The cold and the fire made it prime conditions for copious reading. Have you ever spent an entire day reading? It's phenomenal, not something conducive to your cardio-vascular health, but such a great treat when you can get it. While at my cabin I finished Ahab's Wife (Sena Jeter Naslund), and read Little Dorrit (Charles Dickens). I had only read one Dickens before this (Great Expectations), and really didn't think much of it I think Little Dorrit has completely reversed my opinion of Dickens. I loved every page. It was one of those books that you get so immersed in that it becomes a part of your life, to the point where you almost grieve for it when it's over; you miss it that much. To get over my sadness, I started Mercy Among the Children (David Adams Richards). I finished that book after I got back to Nova Scotia. It was such a sad book, depressing, but it also filled me with anger and pity. And, yes, big surprise, it made me cry. Then, as if I wasn't sad enough, I had to go and read Columbine (Dave Cullen). My BFF loaned it to me with a disclaimer to the effect that it made her cry a lot, so I'd probably cry non-stop through the entire thing. It was such a fascinating book- everything I thought I knew about that tragedy was wrong. It made me cry, yes, but it also made me angry. I won't discuss it here - it would feel too much like gossip.
So, there you have it folks: my vacation and summer reading (so far) in one convenient post. Everyone should read those book and tell me what you think, or tell me what you're reading (I have a Comments option for a reason, people!)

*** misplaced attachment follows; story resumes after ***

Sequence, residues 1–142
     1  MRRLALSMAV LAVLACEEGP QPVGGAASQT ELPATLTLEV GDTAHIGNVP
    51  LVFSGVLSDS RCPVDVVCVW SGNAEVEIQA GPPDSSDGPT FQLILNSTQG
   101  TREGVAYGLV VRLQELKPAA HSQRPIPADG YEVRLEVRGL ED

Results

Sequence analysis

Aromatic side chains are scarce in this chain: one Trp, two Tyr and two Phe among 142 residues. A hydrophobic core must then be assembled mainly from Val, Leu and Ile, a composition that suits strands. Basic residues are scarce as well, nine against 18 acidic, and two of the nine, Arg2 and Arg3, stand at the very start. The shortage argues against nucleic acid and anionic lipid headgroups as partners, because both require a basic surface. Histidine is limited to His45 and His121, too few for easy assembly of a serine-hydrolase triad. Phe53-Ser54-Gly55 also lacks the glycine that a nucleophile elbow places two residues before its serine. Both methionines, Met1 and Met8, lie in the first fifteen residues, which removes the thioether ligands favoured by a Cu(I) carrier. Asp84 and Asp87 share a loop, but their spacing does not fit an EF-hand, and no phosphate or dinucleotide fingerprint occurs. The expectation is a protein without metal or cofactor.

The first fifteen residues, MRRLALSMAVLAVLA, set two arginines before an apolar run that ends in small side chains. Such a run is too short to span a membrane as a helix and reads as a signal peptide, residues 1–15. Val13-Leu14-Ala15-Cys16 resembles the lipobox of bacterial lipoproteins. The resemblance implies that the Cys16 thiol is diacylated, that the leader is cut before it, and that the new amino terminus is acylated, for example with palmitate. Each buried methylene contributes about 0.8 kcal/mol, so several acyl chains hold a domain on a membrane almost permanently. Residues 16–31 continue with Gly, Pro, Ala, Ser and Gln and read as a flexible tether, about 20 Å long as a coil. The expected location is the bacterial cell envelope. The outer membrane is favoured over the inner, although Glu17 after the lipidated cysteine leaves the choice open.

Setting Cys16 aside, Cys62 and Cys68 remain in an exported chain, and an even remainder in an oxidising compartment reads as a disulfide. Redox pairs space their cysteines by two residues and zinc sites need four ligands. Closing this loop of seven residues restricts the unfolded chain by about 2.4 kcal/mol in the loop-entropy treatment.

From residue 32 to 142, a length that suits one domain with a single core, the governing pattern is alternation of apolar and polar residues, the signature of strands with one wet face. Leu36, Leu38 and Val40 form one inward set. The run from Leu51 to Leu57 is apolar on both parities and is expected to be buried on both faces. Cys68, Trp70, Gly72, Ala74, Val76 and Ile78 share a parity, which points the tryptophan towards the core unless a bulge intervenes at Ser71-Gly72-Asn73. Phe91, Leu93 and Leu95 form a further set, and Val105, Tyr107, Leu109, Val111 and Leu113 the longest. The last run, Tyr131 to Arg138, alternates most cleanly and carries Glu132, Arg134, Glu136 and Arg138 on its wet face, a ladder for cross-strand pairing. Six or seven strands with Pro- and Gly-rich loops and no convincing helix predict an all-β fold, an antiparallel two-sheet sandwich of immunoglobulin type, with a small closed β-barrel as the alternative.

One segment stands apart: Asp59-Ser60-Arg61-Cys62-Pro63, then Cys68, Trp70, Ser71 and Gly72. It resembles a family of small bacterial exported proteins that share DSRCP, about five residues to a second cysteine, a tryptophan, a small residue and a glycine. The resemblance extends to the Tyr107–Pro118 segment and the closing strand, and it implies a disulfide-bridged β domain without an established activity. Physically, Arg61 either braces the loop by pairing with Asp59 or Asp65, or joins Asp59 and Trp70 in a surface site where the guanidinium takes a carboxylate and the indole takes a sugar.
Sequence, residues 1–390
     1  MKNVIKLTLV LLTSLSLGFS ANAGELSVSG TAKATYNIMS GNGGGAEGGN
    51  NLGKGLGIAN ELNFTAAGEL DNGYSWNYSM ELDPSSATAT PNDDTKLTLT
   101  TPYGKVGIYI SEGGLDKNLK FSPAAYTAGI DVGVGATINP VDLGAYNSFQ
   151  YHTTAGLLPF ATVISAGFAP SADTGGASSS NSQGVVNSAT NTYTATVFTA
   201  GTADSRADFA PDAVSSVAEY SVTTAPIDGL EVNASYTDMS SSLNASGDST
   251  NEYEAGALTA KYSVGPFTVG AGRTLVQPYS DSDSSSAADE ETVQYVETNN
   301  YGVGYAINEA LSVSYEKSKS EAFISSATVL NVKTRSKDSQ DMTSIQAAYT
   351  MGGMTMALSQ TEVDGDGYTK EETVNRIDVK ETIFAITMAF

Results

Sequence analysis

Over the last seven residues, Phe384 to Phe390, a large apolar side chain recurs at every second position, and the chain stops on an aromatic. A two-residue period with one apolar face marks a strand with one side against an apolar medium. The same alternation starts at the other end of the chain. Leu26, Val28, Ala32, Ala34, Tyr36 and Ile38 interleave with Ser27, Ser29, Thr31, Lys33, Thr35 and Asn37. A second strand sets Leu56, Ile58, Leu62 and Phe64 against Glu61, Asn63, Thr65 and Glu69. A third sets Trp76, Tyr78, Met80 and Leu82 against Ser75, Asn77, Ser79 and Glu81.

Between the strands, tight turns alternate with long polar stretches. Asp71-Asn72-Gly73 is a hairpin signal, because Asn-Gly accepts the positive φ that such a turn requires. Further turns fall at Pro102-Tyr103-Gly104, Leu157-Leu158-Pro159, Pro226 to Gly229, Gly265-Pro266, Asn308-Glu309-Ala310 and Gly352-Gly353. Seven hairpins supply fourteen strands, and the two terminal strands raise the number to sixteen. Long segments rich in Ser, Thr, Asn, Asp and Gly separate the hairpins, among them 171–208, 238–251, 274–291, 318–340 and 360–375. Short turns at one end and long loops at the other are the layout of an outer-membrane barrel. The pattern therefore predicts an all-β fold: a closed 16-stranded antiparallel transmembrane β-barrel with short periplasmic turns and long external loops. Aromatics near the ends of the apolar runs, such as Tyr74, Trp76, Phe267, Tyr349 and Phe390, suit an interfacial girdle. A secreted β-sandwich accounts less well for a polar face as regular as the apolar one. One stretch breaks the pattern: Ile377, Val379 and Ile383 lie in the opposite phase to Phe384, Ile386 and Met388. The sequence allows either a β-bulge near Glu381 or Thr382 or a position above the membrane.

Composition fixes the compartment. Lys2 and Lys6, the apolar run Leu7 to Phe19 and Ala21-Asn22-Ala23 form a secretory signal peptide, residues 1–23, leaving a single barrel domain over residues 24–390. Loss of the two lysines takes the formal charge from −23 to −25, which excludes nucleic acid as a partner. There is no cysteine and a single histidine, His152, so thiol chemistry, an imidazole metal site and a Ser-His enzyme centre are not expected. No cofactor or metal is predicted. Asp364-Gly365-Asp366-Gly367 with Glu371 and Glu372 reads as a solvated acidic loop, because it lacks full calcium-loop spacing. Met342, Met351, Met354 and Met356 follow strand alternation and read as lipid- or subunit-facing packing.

Now I'm back in the land of NDP-leadership and hockey golden boys. It's good to be home!
13 June 2009
It's all very cool - like some motivational sports movie. The greatest player since Gretzky (so they say) and he's, like, twelve, and is already Captain of the best team in the league, and is in Tim Horton's commercials and everything. Then he wins the Cup. And he grew up a few blocks from where I'm sitting. If you were in my place, you'd think it was cool too.
I'm so very glad Pittsburgh won. Not just for Sidney, but also because of my dislike for Redwings fans, that I've documented before. Take that, Motor City!
09 June 2009
For all my Albertan friends who are wondering what this feels like, I gotta say: pretty damn good. The PC lost seats! Imagine that!
08 June 2009
And here are a picture of water, and some downed trees from my cabin:
And, just to make this post even longer, I'll tell you that I was really sad when I saw these downed trees. One of the trees that came down was my favourite tree - it's was this tree:
It has a strip of bark missing that spirals down the tree. When I was a kid I told myself that the mark was made one day when a bear slid down it, using it like a fireman's pole. When I was older, I thought that maybe lightning had done it (we all called it "the lightning tree"), but I don't really know. It was such a distinct tree, and has always been there. RIP, lightning tree.